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New Eating Places in Singapore

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I think things have been very quiet on the Singapore part of this board ever since klyeoh relocated to Kuala Lumpur recently and Four Seasons have been very quiet ("Hello boys!"). So I thought I might share a couple of new eating places which opened recently in Resort World in Sentosa :-

(1) L'Atelier de Joel Robuchon has finally opened last weekend. I haven't got a chance to try that yet but the more upmarket Joel Robuchon Restaurant Singapore (echoes of Galera a Robuchon Macao) is opening today. Finally!

(2) Anar Middle-eastern restaurant from Dubai has also opened in Resort World on the waterfront. I gave it a try last week and it was fantastic. I particularly like the humus with minced beef. I don't think I have seen this anywhere else in Singapore.

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  1. Hi M_Gomez, am back in Singapore again this weekend - General Elections time! May check out Robuchon ... but I think it may be completely booked out for the week by now, do you think?

    Don't think I'll try Anar whilst on my short trip back home to Singapore. That because Malaysia, with its large Arab-loving Muslim population, has a bigger, better selection of Middle-Eastern cuisine. Some whole districts here, e.g. Bukit Bintang Road (Malaysia's answer to Singapore's Orchard Road, although the M'sian one looked pretty worse for wear) feels almost like London's Edgware Road - whole streets turned over to Arab clientele. Al-Amar at the Pavilion KL serves the best-tasting Lebanese fare I'd had in KL so far, whilst Tarboush along Bukit Bintang Road doesn't lag very far behind. You also find Iranian & Moroccan restaurants on either side of Tarboush on Jalan Bukit Bintang. Sahara Tent along Jalan Sultan Ismail is also very popular with the large Middle-Eastern crowd.

    5 Replies
    1. re: klyeoh

      You're right about Robuchon - my son/daughter-in-law wanted to give me a Mother's Day treat this weekend, but they couldn't even get through the reservation lines :(
      I'll be making a trip up to KL later in the year, shall we catch up and you can show us some KL places which you like?

      1. re: M_Gomez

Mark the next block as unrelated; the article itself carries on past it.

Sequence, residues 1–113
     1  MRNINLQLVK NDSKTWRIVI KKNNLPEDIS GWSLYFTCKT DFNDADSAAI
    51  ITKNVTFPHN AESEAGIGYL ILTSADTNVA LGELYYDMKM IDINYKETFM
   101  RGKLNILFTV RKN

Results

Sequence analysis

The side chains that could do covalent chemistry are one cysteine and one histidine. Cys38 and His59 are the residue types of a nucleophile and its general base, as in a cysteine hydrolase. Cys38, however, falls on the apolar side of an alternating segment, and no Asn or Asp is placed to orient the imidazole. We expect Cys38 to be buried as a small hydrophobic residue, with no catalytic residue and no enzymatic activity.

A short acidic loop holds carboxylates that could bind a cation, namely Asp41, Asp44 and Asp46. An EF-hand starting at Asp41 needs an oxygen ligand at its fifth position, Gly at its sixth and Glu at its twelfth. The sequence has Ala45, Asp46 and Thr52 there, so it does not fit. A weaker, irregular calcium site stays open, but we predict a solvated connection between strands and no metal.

Have any of you tried L'Atelier de Joel Robuchon in SG yet? If so, any comments (on both the food and the price range)?

        1. re: NP2

          I'm afraid not. My No. 1 dining partner (dear hubby) had a minor health scare recently, so we haven't been eating out much. But we're planning a Robuchon dinner after his next health check (if all goes well) middle of next month.

          1. re: M_Gomez

            M_Gomez, hope Mr G's better. I'm planning a trip to S'pore sometime mid-july - would sure like to do Robuchon, too. But do post back your experience soon :-)

            1. re: M_Gomez

              Ohhh... Sorry to hear that. Hope the health check would go well. And wish both of you happy meals after the health check ;)

      2. Been busy for the last few weeks. We may actually organize a chow meet at Robuchon soon, interested to join us?
        New eating places that I have discovered in the last 1 year, beside those (Waku Ghim, DB Bistro, Sky on 57, Mozza, Cuts) at Marina Bay Sands that have often been discussed on the board before:
        - No Menu: ex chef of Forlino and Osvaldo opened his new Italian restaurant at Boon Tat Street, 2 weeks advanced reservation is needed; it is getting rave reviews from the bloggers and friends alike. However, my lone experience was rather below expectation: Burrata with parma ham was outstanding, others were rather average but unmemorable.
        - Caffe B: Japanese style Italian fine dining at Marina Bay Sands. I went there 3 times, most of the dishes were not so memorable too but there were 2 pasta dishes that were outstanding: Black Squid Ink Tonnarelli with Sea Urchin and Eggplant in a Cream Sauce and Bavettine with Sri Lanka Snow Crab in a fresh Tomato Leek Sauce. I can't wait to go back to try that two dishes again. The Grilled Live Lobster with Yuzu Citrus dressing was also pretty good. But pricing wise is a rather expensive place but with very elegant ambiance.
        - L'Operette at Boat Quaye, another Japanese style Italian restaurant but with rather reasonable pricing and casual cozy atmosphere. Pizza here is Napolitan style, rare in Singapore. Chef used to work at Alba where we had a chow meet before: http://chowhound.chow.com/topics/722806 . Just like Caffe B, not every dish connect with me but again the pasta dish Chilled Capellini served with Japanese Sweet Shrimp and Fresh Tomato was truly amazing.
        - Yazawa: perhaps my favorite new restaurant in town. Tokyo-based yakiniku chain Jumbo opened its door at Robertson Walk. Unfortunately, on my recent visit, they said the Japanese beef may not be available soon due to the earthquake situation, maybe substituted with Australian beef.
        - Next door to Yazawa, again another Tokyo-based yakitori chain Shirokane Tori-tama is in town. Good for anyone who loves to try every different offal part of chicken, grilled yakitori style. Also its donburi with chicken and onsen tamago is delicious.
        - Saboten, another new Japanese Shinjuku-based tonkatsau chain also opened up in Parco Marina Bay. For whatever reasons, Tokyo-based restaurants are coming to Singapore in last 1-2 years. IMHO best tonkatsu in town now, better than the popular Tonkichi chain.